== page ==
Berlin: Officials in Germany have revealed the country has arrested a British citizen suspected of spying for Russia while working at the British embassy in Berlin.
Federal prosecutors said in a statement that the man was detained on Tuesday in the city of Potsdam, south-west of the capital Berlin, based on cooperative investigations by German and British authorities. In keeping with German privacy laws, he was only identified as 57-year-old David S.
A police car outside the British embassy in Berlin.Credit:Getty
Prosecutors said he was suspected of having spied for the Russian intelligence service at least since November. Before his arrest, he worked as a local hire at the British embassy in Berlin and allegedly passed on documents he received at work to the Russians, the prosecutors’ statement said.
It’s unlikely the suspect had diplomatic immunity because in such a case he would have normally been expelled from the country instead of being detained.
The federal prosecutor’s office said later on Wednesday (Thursday AEST), when reached by phone, it could not give any further details on the case because of the ongoing investigation and the man’s privacy rights.
Cold War-era spying concerns: The British embassy in Berlin, Germany.Credit:AP
Germany’s foreign minister said the government was closely following the case.
“We take the information that the detained person’s intelligence activity was carried out on behalf of a Russian intelligence agency extremely seriously,” Heiko Maas told reporters in Berlin.
“Spying on a close ally on German soil is absolutely unacceptable and we are in full solidarity with our British friends,” he said. “We will be following the federal prosecutors’ further investigations very closely. And where that’s desired, necessary and possible, we will also support them.”
The Russian embassy at the central boulevard Unter den Linden in Berlin.Credit:AP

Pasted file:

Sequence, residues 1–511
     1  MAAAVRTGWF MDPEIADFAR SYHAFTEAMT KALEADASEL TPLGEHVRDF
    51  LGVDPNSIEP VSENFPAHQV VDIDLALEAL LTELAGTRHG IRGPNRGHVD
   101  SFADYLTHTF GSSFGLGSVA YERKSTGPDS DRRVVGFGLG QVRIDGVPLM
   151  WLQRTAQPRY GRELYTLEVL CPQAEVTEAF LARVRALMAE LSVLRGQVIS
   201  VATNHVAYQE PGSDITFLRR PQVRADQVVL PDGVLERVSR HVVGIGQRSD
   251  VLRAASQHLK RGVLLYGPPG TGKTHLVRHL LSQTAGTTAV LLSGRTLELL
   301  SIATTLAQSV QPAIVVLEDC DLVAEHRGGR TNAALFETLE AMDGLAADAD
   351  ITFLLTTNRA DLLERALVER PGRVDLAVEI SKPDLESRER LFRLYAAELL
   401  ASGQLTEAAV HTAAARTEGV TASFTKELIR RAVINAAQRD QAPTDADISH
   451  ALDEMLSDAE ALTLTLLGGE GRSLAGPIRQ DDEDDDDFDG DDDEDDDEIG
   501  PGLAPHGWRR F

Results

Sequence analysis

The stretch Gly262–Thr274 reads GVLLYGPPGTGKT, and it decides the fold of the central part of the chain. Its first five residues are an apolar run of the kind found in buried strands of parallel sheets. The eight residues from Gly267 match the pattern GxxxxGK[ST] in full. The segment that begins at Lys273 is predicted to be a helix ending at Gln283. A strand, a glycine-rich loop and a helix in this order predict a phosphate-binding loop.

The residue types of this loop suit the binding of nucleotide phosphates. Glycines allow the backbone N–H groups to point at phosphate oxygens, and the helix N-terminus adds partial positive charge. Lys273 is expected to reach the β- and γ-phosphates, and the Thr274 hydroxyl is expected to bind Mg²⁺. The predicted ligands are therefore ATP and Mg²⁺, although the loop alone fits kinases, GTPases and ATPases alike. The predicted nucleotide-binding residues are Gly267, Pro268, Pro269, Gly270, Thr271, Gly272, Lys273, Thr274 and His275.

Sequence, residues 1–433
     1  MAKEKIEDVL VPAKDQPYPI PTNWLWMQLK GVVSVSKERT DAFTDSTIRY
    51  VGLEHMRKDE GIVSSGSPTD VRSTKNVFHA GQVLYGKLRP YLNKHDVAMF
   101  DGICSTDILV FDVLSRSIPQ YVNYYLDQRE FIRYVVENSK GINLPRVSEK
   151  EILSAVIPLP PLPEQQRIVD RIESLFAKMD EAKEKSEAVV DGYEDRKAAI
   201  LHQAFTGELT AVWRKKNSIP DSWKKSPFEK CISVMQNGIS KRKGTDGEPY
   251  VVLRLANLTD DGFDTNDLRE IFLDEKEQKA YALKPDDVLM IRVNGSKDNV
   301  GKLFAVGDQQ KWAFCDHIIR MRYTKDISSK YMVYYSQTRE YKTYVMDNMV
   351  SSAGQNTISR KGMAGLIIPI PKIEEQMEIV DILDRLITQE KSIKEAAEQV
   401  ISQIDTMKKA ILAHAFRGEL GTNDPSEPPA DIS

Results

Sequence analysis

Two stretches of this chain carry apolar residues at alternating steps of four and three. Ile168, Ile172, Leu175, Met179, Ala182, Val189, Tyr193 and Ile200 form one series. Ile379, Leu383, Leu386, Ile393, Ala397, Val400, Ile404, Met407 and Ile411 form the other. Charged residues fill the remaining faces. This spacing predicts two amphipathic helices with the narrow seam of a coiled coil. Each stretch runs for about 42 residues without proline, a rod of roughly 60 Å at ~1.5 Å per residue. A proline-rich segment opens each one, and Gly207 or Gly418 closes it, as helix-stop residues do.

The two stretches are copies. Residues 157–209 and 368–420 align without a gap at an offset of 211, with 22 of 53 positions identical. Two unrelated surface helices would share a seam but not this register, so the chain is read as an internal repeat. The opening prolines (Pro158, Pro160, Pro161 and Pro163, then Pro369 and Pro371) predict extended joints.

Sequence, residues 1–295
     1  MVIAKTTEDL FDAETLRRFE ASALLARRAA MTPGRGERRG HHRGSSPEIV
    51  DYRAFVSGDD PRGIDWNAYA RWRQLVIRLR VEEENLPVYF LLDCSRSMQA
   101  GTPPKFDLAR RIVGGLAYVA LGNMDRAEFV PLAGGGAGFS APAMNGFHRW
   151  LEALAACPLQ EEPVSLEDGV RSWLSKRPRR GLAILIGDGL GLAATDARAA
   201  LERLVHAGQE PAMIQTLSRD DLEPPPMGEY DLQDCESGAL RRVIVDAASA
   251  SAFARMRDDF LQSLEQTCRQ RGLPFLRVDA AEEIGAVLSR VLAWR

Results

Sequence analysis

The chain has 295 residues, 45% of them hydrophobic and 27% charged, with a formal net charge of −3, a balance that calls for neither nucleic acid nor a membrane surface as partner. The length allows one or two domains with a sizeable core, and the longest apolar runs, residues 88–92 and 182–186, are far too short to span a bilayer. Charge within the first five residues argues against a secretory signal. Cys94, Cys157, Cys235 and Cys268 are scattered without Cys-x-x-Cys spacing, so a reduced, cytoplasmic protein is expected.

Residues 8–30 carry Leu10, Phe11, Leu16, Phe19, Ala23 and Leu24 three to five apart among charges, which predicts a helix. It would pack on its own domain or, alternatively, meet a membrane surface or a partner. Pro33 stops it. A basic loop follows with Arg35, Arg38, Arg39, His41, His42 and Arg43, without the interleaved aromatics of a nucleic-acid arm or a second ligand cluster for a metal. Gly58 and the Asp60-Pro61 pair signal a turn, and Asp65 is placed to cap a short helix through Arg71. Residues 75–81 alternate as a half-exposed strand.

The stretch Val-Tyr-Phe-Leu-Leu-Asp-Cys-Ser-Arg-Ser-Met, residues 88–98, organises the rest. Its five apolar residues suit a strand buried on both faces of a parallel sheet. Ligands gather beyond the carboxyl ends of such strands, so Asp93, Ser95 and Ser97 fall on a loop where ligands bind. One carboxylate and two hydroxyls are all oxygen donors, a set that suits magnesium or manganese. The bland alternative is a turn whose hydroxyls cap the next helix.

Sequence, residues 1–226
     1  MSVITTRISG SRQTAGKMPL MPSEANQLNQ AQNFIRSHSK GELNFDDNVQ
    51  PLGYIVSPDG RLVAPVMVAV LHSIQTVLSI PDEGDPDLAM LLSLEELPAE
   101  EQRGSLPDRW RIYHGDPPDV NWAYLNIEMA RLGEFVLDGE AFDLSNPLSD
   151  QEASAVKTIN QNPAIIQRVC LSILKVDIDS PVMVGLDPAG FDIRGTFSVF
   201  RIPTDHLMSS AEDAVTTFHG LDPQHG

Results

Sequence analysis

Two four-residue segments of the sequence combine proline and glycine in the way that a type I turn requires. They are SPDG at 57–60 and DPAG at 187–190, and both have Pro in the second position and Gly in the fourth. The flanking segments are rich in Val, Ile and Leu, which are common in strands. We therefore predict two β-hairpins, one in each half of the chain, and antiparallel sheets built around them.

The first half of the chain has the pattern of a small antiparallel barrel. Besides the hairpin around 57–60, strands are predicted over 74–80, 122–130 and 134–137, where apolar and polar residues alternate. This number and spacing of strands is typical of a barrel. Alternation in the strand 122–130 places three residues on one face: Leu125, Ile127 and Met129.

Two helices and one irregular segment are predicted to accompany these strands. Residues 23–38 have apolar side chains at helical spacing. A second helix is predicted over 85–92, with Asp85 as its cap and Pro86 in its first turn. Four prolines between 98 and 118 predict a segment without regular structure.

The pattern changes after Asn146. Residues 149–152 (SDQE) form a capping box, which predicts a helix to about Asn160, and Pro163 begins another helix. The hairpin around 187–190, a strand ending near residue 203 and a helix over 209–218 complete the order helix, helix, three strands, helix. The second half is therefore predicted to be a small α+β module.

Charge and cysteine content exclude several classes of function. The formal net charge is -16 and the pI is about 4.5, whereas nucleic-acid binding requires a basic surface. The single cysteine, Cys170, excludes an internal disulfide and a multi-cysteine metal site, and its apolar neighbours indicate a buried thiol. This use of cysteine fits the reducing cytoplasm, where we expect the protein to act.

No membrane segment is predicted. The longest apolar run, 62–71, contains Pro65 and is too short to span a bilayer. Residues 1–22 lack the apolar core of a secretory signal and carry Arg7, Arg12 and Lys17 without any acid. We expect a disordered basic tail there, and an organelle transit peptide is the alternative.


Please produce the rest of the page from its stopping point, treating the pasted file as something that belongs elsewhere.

After hackers linked to Russia were suspected of breaching the German government’s main data network, political parties and the country’s parliament, Germany had focused on the threat of cyber espionage. However, German experts say that Moscow was also redoubling its efforts in old-fashioned human contact to gather intelligence.
The British embassy in Berlin is just around the corner from the iconic Brandenburg Gate and a short, 250-metre walk from the Russian embassy, which is on the famous Unter den Linden boulevard.
In May, Britain set out plans to crack down on hostile activity by foreign states, introducing a proposed law to give security services and law enforcement new powers to tackle growing threats.
The Russian embassy in Berlin declined to comment on Wednesday on reports about the arrest, the Interfax news agency reported. The embassy “currently does not have any official information from the German side on this issue,” Interfax quoted the embassy’s spokespeople as saying.
The British government provided few details about the embassy worker, saying that “an individual who was contracted to work for the government was arrested yesterday by the German authorities.”
“It would not be appropriate to comment further as there is an ongoing police investigation,” the statement said.
Britain’s Metropolitan Police said in a separate statement that “the man was arrested in the Berlin area on suspicion of committing offences relating to being engaged in ‘Intelligence Agent activity’.”
“Primacy for the investigation remains with German authorities,” said the Met statement, while “officers from the Counter-Terrorism Command continue to liaise with German counterparts as the investigation continues.”
The Met’s Counter-Terrorism Command is responsible for investigating alleged breaches of the Official Secrets Act.
German prosecutors said the suspect received an unknown amount of cash in return for his alleged spying activities. Investigators have searched his home and office, the statement added.
A federal judge on Wednesday ordered the man to remain under arrest pending further investigation.
During the Cold War, Berlin was often dubbed as “the capital of spies” because the city was on the frontlines of the confrontation between the Soviets in the East and the Americans and their allies in the West. Intelligence agents were active on both sides of the divided city and sometimes — after some espionage agents were caught — there were infamous cloak-and-dagger exchanges of captured spies on the Glienicker Bridge.
However, since the fall of the Berlin Wall in 1989, the unification of Germany a year later, and the end of the Cold War, espionage activities in Berlin have supposedly abated.
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